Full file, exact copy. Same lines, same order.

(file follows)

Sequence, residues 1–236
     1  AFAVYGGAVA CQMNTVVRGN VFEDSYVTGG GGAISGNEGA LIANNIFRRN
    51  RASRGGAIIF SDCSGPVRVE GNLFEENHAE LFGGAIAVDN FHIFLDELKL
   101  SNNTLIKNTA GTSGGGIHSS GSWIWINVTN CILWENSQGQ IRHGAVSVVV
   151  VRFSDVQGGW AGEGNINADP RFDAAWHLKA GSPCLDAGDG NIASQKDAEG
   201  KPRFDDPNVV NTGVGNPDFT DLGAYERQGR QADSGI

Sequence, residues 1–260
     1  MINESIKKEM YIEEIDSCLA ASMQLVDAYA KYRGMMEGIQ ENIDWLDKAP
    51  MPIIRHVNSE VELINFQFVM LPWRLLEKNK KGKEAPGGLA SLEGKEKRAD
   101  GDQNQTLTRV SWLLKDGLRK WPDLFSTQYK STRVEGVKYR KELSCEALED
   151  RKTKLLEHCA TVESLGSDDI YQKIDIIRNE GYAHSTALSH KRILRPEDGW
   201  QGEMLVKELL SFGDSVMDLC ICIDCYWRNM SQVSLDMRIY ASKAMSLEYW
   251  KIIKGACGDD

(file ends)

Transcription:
Sequence, residues 1–236
     1  AFAVYGGAVA CQMNTVVRGN VFEDSYVTGG GGAISGNEGA LIANNIFRRN
    51  RASRGGAIIF SDCSGPVRVE GNLFEENHAE LFGGAIAVDN FHIFLDELKL
   101  SNNTLIKNTA GTSGGGIHSS GSWIWINVTN CILWENSQGQ IRHGAVSVVV
   151  VRFSDVQGGW AGEGNINADP RFDAAWHLKA GSPCLDAGDG NIASQKDAEG
   201  KPRFDDPNVV NTGVGNPDFT DLGAYERQGR QADSGI

Sequence, residues 1–260
     1  MINESIKKEM YIEEIDSCLA ASMQLVDAYA KYRGMMEGIQ ENIDWLDKAP
    51  MPIIRHVNSE VELINFQFVM LPWRLLEKNK KGKEAPGGLA SLEGKEKRAD
   101  GDQNQTLTRV SWLLKDGLRK WPDLFSTQYK STRVEGVKYR KELSCEALED
   151  RKTKLLEHCA TVESLGSDDI YQKIDIIRNE GYAHSTALSH KRILRPEDGW
   201  QGEMLVKELL SFGDSVMDLC ICIDCYWRNM SQVSLDMRIY ASKAMSLEYW
   251  KIIKGACGDD